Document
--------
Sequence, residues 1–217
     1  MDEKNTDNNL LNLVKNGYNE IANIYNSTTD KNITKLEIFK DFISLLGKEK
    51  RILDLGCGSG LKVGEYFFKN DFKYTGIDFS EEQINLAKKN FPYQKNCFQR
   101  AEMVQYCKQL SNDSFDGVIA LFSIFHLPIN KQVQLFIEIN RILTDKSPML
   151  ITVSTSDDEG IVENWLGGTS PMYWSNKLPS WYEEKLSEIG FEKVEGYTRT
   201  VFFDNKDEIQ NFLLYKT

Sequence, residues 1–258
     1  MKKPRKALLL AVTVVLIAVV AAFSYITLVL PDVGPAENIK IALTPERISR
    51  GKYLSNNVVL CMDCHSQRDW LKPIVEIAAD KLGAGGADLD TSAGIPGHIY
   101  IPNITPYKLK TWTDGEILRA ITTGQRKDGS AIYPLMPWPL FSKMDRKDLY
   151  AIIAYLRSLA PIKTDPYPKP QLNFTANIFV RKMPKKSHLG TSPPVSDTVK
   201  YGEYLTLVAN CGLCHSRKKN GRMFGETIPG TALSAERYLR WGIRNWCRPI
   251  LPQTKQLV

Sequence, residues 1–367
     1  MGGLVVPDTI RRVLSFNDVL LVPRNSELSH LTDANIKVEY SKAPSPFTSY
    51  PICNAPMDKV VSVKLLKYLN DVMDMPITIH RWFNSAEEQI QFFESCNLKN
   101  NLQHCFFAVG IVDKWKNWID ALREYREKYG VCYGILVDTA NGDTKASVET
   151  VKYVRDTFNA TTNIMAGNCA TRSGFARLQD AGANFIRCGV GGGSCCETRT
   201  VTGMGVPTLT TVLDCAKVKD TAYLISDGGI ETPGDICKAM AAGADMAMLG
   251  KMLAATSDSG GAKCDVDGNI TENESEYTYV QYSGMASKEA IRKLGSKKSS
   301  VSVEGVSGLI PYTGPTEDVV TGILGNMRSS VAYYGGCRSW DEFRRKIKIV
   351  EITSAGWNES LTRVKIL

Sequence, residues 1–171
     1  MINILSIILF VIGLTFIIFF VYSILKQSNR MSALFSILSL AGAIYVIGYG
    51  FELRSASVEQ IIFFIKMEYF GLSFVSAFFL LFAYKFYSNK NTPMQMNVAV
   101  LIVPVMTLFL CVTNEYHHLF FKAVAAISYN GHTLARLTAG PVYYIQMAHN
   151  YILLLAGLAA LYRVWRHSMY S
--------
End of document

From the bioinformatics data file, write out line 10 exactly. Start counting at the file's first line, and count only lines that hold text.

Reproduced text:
   101  IPNITPYKLK TWTDGEILRA ITTGQRKDGS AIYPLMPWPL FSKMDRKDLY